Training Heifers


3 min read

Introducing heifers Managing heifers after calving

Heifers, or young female cows, require careful planning and patience when introducing them to the milking herd. The page you're reading details steps to minimise stress and enhance milk production during this transition. Key aspects include providing a consistent sequence of events, ensuring positive experiences, and multiple introductions to the new environment. Training, such as handling udders or exposure to milking machinery, helps them get comfortable. Heifers may need extra care after calving to prevent bullying and to manage any udder conditions. Selecting sires that will yield smaller calves can also ease this transition.

Heifers are valuable stock and their introduction to the milking herd should be planned. Time and patience is required but will result in time saved in the long run.

Pre-calving handling and experience of the milking environment can reduce adverse reactions of heifers when they join the milking herd.

The benefits of training heifers include:

  • Decreased stress for heifers and people as they are easier to manage.
  • Increased milk production.

Young heifers

Introducing heifers to the milking herd

Heifers need:

  • to be well grown (this should already be the case if they are pregnant), to compete successfully with herd mates.
  • positive experiences associated with the new environment.
  • a consistent sequence of events leading up to entering the dairy for milking.
  • about 3-7 introductions to the new environment to familiarise them with it.

Useful tips for familiarising heifers with milking facilities

  • Ensure all handling of heifers is positive as poor handling of heifers increases fear of humans.
  • If using a feeding system, bring heifers into the dairy and feed them before calving as this will create a positive association to the dairy.
  • Teat spray heifers in the month prior to calving to get them used to the action and sensation, and to help reduce mastitis.
  • Training gates can be used to restrict heifer movement so it is easier to get them on to the rotary platform for the first time.
  • Consider putting a few older cows in with untrained heifers to ‘show them the way’.

Heifer training gate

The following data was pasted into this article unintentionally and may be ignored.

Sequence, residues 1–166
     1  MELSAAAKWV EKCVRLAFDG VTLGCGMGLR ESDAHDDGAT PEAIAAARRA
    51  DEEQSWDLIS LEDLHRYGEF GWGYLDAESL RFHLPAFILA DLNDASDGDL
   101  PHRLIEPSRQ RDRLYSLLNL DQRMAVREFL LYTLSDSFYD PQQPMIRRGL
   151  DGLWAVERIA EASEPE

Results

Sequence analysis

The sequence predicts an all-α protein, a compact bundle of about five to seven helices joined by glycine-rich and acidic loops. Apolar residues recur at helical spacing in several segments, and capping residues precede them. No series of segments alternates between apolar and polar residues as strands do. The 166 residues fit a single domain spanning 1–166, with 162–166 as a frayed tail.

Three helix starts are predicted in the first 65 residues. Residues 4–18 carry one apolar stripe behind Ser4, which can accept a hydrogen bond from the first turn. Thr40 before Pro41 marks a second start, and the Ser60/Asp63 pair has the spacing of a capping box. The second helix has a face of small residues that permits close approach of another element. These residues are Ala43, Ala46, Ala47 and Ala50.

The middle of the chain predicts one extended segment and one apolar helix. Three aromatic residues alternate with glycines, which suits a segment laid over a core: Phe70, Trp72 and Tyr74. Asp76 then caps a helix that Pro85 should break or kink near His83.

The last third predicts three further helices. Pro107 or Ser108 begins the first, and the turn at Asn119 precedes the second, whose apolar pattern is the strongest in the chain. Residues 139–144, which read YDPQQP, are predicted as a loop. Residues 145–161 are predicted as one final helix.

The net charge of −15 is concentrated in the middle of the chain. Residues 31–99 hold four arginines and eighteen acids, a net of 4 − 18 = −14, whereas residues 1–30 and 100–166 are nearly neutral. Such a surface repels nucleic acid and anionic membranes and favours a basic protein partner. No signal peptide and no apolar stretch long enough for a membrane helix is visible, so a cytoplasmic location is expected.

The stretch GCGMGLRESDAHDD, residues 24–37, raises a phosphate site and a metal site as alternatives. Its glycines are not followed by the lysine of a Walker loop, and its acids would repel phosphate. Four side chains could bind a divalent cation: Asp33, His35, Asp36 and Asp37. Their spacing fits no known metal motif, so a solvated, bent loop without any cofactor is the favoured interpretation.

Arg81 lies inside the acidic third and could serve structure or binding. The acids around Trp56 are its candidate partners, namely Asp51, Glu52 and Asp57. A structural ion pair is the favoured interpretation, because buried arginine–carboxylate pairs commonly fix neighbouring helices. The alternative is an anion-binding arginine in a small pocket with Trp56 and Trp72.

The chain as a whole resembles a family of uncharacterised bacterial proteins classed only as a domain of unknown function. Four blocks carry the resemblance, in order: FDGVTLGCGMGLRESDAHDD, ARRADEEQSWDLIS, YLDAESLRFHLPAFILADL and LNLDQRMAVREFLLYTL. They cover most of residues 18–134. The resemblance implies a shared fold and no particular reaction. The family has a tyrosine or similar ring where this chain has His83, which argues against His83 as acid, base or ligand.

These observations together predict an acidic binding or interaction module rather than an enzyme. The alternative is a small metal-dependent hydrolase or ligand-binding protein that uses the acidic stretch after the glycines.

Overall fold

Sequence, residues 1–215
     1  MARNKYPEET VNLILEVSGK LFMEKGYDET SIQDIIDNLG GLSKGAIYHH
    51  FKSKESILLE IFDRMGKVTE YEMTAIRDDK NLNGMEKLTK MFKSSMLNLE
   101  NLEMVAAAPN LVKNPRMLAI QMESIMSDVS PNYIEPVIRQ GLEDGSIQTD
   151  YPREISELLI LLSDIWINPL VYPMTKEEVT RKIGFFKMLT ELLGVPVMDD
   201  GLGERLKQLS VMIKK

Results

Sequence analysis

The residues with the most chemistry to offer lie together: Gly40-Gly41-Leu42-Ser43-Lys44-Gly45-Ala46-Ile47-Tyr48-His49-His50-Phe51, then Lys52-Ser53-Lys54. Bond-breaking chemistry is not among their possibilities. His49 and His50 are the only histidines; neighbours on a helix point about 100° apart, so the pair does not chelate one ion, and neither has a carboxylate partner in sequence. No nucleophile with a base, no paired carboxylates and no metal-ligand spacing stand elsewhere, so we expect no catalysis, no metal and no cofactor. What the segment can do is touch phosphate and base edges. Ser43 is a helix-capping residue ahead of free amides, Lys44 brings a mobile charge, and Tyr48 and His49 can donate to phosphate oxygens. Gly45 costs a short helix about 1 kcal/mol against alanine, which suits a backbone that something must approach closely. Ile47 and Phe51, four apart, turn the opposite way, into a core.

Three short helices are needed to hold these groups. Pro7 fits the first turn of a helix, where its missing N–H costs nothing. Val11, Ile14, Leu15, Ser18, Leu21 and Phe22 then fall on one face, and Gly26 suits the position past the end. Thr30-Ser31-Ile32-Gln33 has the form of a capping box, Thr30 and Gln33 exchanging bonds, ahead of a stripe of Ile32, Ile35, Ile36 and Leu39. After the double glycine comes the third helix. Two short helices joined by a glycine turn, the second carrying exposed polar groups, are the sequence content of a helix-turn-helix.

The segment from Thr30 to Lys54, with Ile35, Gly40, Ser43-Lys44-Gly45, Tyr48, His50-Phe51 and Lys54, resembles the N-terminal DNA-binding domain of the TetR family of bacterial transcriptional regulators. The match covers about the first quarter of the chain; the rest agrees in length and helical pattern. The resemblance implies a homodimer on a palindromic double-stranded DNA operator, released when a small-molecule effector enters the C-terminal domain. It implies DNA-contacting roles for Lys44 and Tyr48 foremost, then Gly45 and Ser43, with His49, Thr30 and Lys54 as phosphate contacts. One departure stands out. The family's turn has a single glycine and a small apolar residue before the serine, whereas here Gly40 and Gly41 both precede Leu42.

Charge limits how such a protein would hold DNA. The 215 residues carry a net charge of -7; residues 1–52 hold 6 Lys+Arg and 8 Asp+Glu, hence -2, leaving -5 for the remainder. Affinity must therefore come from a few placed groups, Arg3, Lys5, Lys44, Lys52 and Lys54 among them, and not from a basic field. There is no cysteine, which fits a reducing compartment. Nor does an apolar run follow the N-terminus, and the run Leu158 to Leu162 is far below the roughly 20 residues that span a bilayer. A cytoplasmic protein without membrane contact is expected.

Training heifers

Heifers are valuable stock and their introduction to the milking herd requires time and patience.

Training heifers - rotary

This is more difficult than training heifers in a herringbone although the same principles apply.

Stage 1: Expose heifers to a slowly rotating milking platform. Leave the machine off.

Stage 2: Have heifers on a slowly rotating platform with some gently handling of udders. When the heifers are settled, turn the machine on.

Stage 3: Go on to the drench walkway with your back to the cows. Then face them as they grow more settled.

Stage 4: When you think the heifers are ready, try a practice drenching. Use a pleasant tasting molasses drench and do not persiste with reluctant heifers.

Training heifers - herringbone

It is best to expose heifers to the milking routine gradually. The following is a suggested method for familiarising heifers to the milking process. While doing this it is also worthwhile introducing them to drenching.

Stage 1: Put the heifers into the yard and let them more-or-less find their way quietly out through the exit gates. Leave the machine off.

Stage 2: Shut the exit gate and line them up as if for milking. Leave the machine off.

Stage 3: Handle them gently around their udder. Turn on the milking machine so they get used to the noise. During this process, walk slowly and quietly down the drenching race in front of the cows’ heads from yard end to exit but with your back turned towards them. That way they are less likely to be frightened.

Stage 4: Face them more and as they grow more settled, try using a drench made up mainly of molasses - more pleasant tasting than the usual medicines. Do not persist with drenching if a particular heifer becomes agitated, leave her until another time.


Managing heifers after calving

It takes heifers about 2 weeks to establish a quiet, reliable response to milking once they enter the main herd. Heifers that have had a difficult calving take longer to settle into the milking routine than heifers with easy calvings.

Heifers will generally be at the bottom of the social hierarchy and are physically smaller than older cows but you can minimise bullying by ensuring cows have sufficient space on tracks and in the yard. In large herds, separate mobs so heifers are not with dominant cows.

Other tips:

  • Treat any painful udder conditions promptly so pain associated with milking is minimised. Ensure that heifers are not over-milked as this will cause sore teats and a fear of milking.
  • Rubbing of the udder can be useful to help heifer let-down.
  • It is best to mate heifers to sires that will result in small calves.
Last updated: Sep 2023

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